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Weed seed control veterans wait for the ideal system

McIntosh & Son

Johnny Inferrera (left), McIntosh Distribution and David Thorne, McIntosh & Son, Wongan Hills, caught up with York grower Andrew Boultbee last harvest, who updated the operation and performance of one of the family's vertical, mechanical Harrington Seed Destructors, installed on their John Deere S680 headers.

DESTROYING weed seeds via their harvesters was always going to be a natural progression for the Boultbee family near York – they were just waiting for the latest integrated weed seed control systems and technology to mature.

The Boultbees have been practicing harvest weed seed control since the turn of the century, using chaff decks and chaff carts in more recent years to mainly target annual ryegrass and wild radish weed seeds.

Andrew and Marjorie Boultbee have been continuously cropping areas of their home property and leased land in the Avon region since the late 70s and early 80s.

The cropping program generally follows canola-wheat-wheat or canola-barley-barley rotations, as well as growing hay, on soils ranging from loams to lighter land and some tamma country. Their three children, including Bryoni, Ben and Kate, were recently home from university to help with the last harvest.

The family also runs about 3000 Merino and crossbred sheep confined to grazing areas.

Andrew said they ran into herbicide-tolerant weed populations many years ago and so were early adopters of harvest weed seed control to ensure weed pressures did not dictate cropping rotations, as well as to achieve good weed control on the leased land.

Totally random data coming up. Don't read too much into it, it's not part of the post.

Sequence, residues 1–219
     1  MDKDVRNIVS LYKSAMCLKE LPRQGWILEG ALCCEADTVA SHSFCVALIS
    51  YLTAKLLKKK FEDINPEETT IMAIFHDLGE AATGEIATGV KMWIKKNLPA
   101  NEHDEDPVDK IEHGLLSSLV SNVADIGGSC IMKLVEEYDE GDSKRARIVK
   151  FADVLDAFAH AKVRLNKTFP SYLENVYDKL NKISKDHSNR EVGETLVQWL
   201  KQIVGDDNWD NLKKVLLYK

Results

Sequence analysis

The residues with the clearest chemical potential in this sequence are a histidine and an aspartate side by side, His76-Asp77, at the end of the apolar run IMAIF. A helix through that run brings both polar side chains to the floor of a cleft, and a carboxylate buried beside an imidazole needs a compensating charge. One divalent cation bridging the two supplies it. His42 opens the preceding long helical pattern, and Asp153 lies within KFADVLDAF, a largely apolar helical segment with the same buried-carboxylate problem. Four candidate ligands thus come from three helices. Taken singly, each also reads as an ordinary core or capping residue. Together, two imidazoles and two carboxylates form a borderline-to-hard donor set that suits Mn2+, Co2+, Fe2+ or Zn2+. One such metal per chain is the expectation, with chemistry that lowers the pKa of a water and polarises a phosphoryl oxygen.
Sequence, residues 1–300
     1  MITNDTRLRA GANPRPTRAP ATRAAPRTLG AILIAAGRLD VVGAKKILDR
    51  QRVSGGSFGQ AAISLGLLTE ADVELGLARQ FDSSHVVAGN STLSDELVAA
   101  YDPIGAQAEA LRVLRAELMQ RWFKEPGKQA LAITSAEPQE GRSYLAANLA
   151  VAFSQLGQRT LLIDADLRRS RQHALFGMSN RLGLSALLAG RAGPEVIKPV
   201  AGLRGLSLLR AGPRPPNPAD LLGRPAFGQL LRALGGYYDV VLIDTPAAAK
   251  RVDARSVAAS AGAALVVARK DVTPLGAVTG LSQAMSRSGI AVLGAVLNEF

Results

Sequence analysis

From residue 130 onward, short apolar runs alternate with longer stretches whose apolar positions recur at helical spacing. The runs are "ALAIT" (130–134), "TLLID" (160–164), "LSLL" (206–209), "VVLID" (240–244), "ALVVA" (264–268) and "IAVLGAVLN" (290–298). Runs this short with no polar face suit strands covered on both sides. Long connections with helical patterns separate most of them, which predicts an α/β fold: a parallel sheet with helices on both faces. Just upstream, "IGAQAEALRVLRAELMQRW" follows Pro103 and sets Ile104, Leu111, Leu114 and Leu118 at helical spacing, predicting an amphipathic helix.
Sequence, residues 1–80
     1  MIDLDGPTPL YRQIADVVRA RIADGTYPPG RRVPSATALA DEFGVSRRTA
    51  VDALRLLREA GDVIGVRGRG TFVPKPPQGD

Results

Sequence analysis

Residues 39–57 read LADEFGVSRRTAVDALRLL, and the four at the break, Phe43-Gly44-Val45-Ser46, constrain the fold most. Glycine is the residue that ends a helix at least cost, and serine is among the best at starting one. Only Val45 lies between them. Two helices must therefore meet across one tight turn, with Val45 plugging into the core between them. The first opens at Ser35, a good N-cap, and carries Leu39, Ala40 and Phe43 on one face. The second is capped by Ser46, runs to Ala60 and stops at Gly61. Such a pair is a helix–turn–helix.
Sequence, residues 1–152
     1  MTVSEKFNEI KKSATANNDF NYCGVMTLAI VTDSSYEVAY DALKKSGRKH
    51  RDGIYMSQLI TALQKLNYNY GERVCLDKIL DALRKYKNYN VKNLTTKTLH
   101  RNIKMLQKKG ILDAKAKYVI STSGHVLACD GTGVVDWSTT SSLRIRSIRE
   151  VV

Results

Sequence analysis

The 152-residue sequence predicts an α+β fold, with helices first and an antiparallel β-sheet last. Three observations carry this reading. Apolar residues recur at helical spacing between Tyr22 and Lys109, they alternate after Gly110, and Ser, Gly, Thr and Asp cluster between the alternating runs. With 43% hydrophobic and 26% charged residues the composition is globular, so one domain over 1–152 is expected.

“We haven’t burned on a broad scale for 20 years, so that took one of the weed control tools away. We started with chaff carts and then put weed seeds in tramlines with the chaff decks, but we were always heading toward destroying weed seeds. We were just waiting for the Seed Destructor to become vertical and reliable,’’ Andrew said.

The family had the new vertical, mechanical Harrington Seed Destructor (iHSD) installed on each of their two John Deere S680 headers by McIntosh & Son at Wongan Hills prior to last harvest.

Invented by Western Australian grower Ray Harrington and independently shown to kill up to 99 per cent of weed seeds, the Seed Destructor is designed and manufactured by de Bruin Engineering and distributed nationally by McIntosh Distribution. The core mill technology was developed by UniSA with funding and support from GRDC.

The system can be fitted to later model John Deere, Case IH, New Holland and Claas harvesters, with no permanent modifications required, and is designed to operate at 3000 RPM to maximise mill capacity.

“We looked at everything and we saw the Seed Destructor as a more reliable system,’’ Andrew said.

“It needed to be vertical, otherwise you compromise your cut height and your whole job, and it needed to be non-hydraulic, otherwise it would be too unreliable. We have done so much with chaff carts and have seen that unreliable machines compromise your harvest time, so it’s why we needed to go with as good as we could.